James R. Kincaid is currently Aerol Arnold Chair in English and Professor of English at the University of South Carolina, where he has been teaching since 1987.
Kincaid is interested in the media's portrayal of childhood 'innocence' and sexuality, and more particularly with our culture's investment in perpetuating, exploiting and fetishizing the myth of the 'innocent child'.
A social critic, Kincaid's most infamous creation is perhaps the notion of 'Erotic Innocence' – the idea that children in our culture are eroticized through emphatic de-eroticization. 'Innocence', he suggests, is a rhetorical category; its disavowals, self-justifications and recriminations mark the traces of a violent disidentification with children that constructs childhood by voiding it of content.
Kincaid rejects most stereotypes of childhood and pedophilia. He describes the "utopian and revolutionary" aim of his book Child-Loving: The Erotic Child and Victorian Culture (New York: Routledge, 1992) as being the repositioning of sexual attitudes toward children, who are assaulted by societal protections. He advances "a form of sexual thinking that abandons fixed categories in favor of a scale of dynamic and relativistic measure of a shifting range of possibilities".
When Kincaid's book Child-Loving was published in the UK, an article in the Sunday Times newspaper stated (erroneously) that "Kincaid's theories support those of the infamous Paedophile Information Exchange", banned in Britain. At least three Conservative MPs called for the book to be banned (Lord Bernard Braine "simply couldn't believe" that "a reputable publisher could consider printing a book with such views"; Ann Winterton MP was "appalled"; while Dame Jill Knight opined that it was "crucial for the normal development of children that their innocence be preserved"). Meanwhile, Michael Hames, head of Scotland Yard's Obscene Publications Squad, told the Daily Mail newspaper that people would be "rightly outraged" by the book, which "give[s] comfort to paedophiles".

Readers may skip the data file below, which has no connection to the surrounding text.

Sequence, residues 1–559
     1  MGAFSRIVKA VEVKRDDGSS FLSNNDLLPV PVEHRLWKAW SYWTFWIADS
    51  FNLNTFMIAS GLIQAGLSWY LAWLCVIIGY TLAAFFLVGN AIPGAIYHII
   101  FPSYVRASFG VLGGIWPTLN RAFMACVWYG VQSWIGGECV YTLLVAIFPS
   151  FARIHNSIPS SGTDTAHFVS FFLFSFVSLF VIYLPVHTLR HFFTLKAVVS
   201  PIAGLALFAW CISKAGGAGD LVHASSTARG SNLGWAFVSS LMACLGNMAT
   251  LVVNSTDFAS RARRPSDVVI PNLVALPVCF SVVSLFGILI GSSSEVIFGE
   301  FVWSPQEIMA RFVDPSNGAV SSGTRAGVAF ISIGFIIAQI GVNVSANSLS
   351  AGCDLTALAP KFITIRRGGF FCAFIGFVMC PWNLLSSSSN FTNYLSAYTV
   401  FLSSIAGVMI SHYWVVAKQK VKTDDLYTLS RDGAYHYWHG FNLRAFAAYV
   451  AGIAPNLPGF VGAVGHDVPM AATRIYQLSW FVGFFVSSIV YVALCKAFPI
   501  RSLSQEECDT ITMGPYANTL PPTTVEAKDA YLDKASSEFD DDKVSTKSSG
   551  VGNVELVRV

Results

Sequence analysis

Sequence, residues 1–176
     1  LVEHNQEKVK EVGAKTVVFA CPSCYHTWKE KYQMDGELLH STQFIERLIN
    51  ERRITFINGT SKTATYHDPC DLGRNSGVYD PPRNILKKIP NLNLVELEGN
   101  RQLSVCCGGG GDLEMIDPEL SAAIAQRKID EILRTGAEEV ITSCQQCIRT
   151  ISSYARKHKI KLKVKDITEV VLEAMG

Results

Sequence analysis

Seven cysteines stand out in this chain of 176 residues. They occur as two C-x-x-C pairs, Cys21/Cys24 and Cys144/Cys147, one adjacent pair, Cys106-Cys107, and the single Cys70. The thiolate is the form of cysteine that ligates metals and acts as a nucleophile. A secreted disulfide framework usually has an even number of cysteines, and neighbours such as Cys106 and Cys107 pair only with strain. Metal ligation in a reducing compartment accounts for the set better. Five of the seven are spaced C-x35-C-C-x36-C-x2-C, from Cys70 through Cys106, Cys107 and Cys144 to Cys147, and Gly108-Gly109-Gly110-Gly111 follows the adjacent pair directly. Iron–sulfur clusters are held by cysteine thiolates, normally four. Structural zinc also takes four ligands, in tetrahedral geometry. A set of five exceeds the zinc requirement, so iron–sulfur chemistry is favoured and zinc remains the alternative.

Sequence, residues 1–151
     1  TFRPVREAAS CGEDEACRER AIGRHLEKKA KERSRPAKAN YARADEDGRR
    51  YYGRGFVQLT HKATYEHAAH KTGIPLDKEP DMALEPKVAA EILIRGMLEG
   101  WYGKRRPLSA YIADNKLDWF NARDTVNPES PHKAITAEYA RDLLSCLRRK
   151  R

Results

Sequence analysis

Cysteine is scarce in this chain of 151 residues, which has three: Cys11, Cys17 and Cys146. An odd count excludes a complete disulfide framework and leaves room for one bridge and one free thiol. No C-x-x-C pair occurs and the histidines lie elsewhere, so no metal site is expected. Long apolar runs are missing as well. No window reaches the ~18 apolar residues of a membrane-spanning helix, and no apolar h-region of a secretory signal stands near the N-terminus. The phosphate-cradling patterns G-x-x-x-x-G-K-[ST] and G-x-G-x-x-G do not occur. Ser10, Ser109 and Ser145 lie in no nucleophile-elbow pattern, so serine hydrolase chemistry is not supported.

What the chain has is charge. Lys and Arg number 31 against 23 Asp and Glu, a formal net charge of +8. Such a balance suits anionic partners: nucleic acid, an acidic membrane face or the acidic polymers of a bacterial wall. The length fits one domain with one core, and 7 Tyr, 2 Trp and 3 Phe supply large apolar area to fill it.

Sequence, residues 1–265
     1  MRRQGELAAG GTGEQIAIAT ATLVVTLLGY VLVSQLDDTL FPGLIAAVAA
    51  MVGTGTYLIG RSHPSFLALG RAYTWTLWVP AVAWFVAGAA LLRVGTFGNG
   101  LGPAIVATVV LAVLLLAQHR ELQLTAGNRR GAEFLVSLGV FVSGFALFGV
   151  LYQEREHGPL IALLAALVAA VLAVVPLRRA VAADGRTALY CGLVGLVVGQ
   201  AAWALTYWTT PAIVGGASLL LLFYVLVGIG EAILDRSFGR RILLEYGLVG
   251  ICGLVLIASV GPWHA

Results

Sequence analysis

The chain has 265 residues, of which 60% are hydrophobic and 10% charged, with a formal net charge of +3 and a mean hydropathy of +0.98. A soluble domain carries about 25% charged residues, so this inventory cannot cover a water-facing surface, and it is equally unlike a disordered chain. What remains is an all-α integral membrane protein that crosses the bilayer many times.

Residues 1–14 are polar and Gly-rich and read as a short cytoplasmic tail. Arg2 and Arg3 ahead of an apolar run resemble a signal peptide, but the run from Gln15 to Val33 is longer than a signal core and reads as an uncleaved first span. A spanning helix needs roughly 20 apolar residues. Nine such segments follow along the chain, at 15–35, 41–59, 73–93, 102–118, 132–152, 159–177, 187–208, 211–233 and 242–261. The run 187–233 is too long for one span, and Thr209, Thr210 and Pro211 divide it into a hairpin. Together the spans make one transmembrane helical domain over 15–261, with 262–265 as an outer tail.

As usual, its doubtful that any of those quoted actually read the text; or that even if they had, would have been capable of understanding it. In fact, Kincaid is very careful not to present any argument in favor of "pedophilia", partly because he recognizes the speciousness of arguments from morality, and partly because the category itself is a socially-constructed one. He mentions in Child-Loving that his analysis "does not, of course, naturalize pedophilia, much less justify it. But it does suggest that our resistance to child-love helps ensure the perpetuation of the activity."
It might be said that Kincaid is not so much interested in actual manifestations of cross-generational intimacy, but rather in the discursive construction of 'the child' and 'child sexuality' that are produced by the stories we tell ourselves. For instance, he observes, with regard to typical arguments focusing on so-called 'power inequalities' involved in intergenerational intimacy, that "the question is not the redistribution of power but its adequacy in the first place, its limitations as a tool for understanding and for living".
Our own article summarises Kincaid's work.
- Child-Loving: The Erotic Child and Victorian Culture (New York: Routledge, 1992)
- Erotic Innocence: The Culture of Child Molesting (Duke University Press, 1998)